Lacking the three qualities, a conductor might have a less than stellar career. Some might acknowledge their lack of the three qualities; and some might ascribe their lot to gender bias, racial bias, or any number of tangential and irrelevant things. It seems counterproductive for a conductor to be focused on anything other than the qualities and skills required to be effective in their job. No one likes unfair bias, but it exists. We choose what we want to be our essence; we can choose an essence of music, or the essence of a freedom-fighter. Our lives aren’t long enough to do both.
Hopefully you’ll be able to smile at a little poke; a dose of sexism to make the hair of both genders curl.

What Are Little Boys Made Of?

What are little boys made of?
What are little boys made of?
Frogs and snails and puppy-dogs' tails,
And that are little boys made of.

What are little girls made of?
What are little girls made of?
Sugar and spice and all things nice,
And that are little girls made of.

What are young men made of?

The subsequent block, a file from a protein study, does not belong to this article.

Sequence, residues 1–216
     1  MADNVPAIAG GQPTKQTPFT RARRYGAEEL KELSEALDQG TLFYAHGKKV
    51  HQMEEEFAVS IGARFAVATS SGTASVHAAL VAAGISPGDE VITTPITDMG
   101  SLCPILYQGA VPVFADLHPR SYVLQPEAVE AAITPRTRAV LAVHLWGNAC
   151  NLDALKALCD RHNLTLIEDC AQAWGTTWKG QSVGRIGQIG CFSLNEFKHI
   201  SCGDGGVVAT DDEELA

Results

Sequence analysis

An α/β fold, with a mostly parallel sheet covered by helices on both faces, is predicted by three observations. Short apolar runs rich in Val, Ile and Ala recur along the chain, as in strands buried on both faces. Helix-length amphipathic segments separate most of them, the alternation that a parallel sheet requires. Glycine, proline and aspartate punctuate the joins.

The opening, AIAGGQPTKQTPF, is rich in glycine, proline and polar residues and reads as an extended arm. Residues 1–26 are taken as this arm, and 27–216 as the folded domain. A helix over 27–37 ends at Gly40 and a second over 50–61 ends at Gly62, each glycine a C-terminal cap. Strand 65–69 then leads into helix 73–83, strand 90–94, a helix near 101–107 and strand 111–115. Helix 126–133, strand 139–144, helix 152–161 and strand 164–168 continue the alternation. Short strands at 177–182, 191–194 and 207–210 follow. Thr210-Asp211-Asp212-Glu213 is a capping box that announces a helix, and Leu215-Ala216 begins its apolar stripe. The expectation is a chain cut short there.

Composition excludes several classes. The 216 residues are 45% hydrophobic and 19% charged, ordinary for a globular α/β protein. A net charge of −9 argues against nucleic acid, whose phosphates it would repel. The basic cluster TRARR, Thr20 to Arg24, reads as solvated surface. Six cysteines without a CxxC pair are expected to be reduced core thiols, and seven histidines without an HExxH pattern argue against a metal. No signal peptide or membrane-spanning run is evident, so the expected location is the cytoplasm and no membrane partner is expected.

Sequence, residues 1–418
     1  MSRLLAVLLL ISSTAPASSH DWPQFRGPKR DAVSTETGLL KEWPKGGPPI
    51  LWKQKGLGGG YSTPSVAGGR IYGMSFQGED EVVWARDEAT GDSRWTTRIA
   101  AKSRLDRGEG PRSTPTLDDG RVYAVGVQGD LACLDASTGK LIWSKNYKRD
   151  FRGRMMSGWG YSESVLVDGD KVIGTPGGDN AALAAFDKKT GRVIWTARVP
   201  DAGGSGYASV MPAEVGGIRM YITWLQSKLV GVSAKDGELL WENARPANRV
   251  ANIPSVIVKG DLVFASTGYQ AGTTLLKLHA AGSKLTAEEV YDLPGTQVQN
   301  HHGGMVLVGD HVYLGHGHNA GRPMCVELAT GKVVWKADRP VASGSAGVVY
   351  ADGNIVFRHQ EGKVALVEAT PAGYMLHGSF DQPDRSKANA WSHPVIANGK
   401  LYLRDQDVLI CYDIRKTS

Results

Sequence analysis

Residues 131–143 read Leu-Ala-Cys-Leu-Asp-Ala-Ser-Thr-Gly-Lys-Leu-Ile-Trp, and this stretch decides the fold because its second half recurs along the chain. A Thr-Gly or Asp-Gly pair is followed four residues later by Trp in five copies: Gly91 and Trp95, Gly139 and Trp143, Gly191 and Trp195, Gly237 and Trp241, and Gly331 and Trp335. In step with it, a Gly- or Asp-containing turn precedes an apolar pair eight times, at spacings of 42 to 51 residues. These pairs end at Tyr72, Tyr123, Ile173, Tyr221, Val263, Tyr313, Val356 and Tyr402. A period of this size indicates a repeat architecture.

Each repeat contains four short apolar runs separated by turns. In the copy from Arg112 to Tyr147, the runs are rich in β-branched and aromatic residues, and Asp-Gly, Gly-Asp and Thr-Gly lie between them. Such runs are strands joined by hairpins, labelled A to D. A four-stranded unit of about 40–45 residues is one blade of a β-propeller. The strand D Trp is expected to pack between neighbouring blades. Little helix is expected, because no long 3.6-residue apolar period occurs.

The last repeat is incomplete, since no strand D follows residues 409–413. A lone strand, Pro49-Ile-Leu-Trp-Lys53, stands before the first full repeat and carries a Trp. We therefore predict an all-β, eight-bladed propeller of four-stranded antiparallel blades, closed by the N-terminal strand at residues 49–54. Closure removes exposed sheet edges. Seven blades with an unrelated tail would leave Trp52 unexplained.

What are young men made of?
Sighs and leers, and crocodile tears,
And that are young men made of.

What are young women made of?
What are young women made of?
Ribbons and laces, and sweet pretty faces,
And that are young women made of.

Original poem by Robert Southey

Choralgirl said...

(giggle) That's me, all ribbons & laces! :-)

"We choose what we want to be our essence; we can choose an essence of music, or the essence of a freedom-fighter."

I like that. It's empowering to any conductor.

And I think it's mostly true-and that freedom fighters are sort of the "first wave" of any new group trying to break down a prejudice of any kind. I'm a generation or two down the road from that first wave, and so have more choices about "essence" than my predecessors did. I also think that freedom fighters are sprinters within the context of a given community; I'm more interested in the marathon, which requires and allows a richer, more subtle field of interaction.

Thanks for this!

liz garnett said...

Hi, me again. Just thought you might like to know that I've been writing about this thought-provoking discussion too. Link: http://www.helpingyouharmonise.com/?q=gendergesture

liz

Janet G. said...

Thank you so much! Much food for thought. It's good to know there are other women conductors struggling with these issues.